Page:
It’s hard to fathom any sense of logic from it, yet that’s not even the most unusual part of the video. Something that is unexplainable is the elevator door never closes. The entire time it remains open. Even as Elisa stands nowhere near the sensors, it doesn’t even attempt to close. Is someone outside holding the doors open? Or is there something paranormal that relates to Elisa’s bizarre hand wavering and movements? If all of that wasn’t enough to digest in just one short but utterly bewildering clip, it’s almost certain that the video has been tampered with. Firstly, the timestamp at the bottom of the video is blurred out and doesn’t appear to be accurately measuring the passing seconds, at points notably jumping as though portions of the video have been removed. Secondly, there are points in the video where you can clearly see the elevator door about to close before jumping to a later clip. It’s predicted that around one minute of footage has been cut out of the video. So, the question still remains, edited this video, and why?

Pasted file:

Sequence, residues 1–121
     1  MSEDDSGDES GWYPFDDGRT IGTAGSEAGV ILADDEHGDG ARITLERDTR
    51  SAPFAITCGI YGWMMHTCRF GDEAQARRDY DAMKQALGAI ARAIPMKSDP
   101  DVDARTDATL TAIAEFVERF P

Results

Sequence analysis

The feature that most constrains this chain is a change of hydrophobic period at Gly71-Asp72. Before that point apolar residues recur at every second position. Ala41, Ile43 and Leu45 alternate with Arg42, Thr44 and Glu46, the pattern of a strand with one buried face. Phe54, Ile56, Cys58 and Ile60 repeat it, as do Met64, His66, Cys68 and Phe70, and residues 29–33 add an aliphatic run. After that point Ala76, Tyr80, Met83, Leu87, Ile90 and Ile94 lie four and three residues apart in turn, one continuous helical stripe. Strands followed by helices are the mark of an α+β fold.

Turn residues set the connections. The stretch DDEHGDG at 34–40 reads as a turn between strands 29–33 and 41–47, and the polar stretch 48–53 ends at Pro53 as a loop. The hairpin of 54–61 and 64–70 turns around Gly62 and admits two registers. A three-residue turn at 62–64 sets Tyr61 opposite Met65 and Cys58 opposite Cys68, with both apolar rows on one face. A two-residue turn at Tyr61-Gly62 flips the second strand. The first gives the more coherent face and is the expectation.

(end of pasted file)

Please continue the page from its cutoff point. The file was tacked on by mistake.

It’s worth noting an elevator game that may have originated in Korea. The game is a dark dangerous ritual that can lead you to another world if played correctly. According to the guidelines, if the elevator then descends to the first floor, the player must exit immediately. If it goes up, the player has apparently been admitted to another world .

Was Elisa playing this game? Does that explain the strange behaviour in the video and even her death? I don’t see myself giving it a try anytime soon.

Another unexplained feature is how Elisa ended up in the water tank in the first place. A video (see below) tries to explain that that is would be easy for her to make her way to the deadly container. However, for Lam to have entered the tank alone, she would have needed to navigate to the roof of the hotel passing through a locked and alarm activated door or climb a fire escape ladder that hangs dangerously across the side of the building, then scale onto the tank platform climbing a 10-foot ladder at the side of the tank and open a heavy metal opening to the container, all while in an apparent episodic mental state. It’s worth noting that Elisa also ended up undressed so at one point would have had to remove her clothes before entering the tank. No alarm was ever triggered to suggest that Elisa had opened the door to the roof, an area that guests were not allowed. I just find the whole story hard to chew. If Elisa was in fact in such a mental state that would firstly explain the elevator footage, and in such a state she would take her own life, I don’t see how she would have made it through such a complex journey up onto and into the water tank.